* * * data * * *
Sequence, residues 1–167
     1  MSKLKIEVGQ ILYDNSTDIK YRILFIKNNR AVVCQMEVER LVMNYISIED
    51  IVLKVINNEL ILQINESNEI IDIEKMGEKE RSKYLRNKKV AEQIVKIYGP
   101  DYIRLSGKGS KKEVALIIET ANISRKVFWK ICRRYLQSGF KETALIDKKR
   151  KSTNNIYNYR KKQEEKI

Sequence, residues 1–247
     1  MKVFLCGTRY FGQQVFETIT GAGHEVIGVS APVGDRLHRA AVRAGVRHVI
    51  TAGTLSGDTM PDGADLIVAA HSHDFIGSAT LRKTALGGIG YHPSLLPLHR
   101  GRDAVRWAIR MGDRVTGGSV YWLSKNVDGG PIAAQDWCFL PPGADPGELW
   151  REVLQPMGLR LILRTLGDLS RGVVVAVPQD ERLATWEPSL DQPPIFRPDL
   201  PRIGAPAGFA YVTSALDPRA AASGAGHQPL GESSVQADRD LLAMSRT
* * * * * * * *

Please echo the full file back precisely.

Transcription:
Sequence, residues 1–167
     1  MSKLKIEVGQ ILYDNSTDIK YRILFIKNNR AVVCQMEVER LVMNYISIED
    51  IVLKVINNEL ILQINESNEI IDIEKMGEKE RSKYLRNKKV AEQIVKIYGP
   101  DYIRLSGKGS KKEVALIIET ANISRKVFWK ICRRYLQSGF KETALIDKKR
   151  KSTNNIYNYR KKQEEKI

Sequence, residues 1–247
     1  MKVFLCGTRY FGQQVFETIT GAGHEVIGVS APVGDRLHRA AVRAGVRHVI
    51  TAGTLSGDTM PDGADLIVAA HSHDFIGSAT LRKTALGGIG YHPSLLPLHR
   101  GRDAVRWAIR MGDRVTGGSV YWLSKNVDGG PIAAQDWCFL PPGADPGELW
   151  REVLQPMGLR LILRTLGDLS RGVVVAVPQD ERLATWEPSL DQPPIFRPDL
   201  PRIGAPAGFA YVTSALDPRA AASGAGHQPL GESSVQADRD LLAMSRT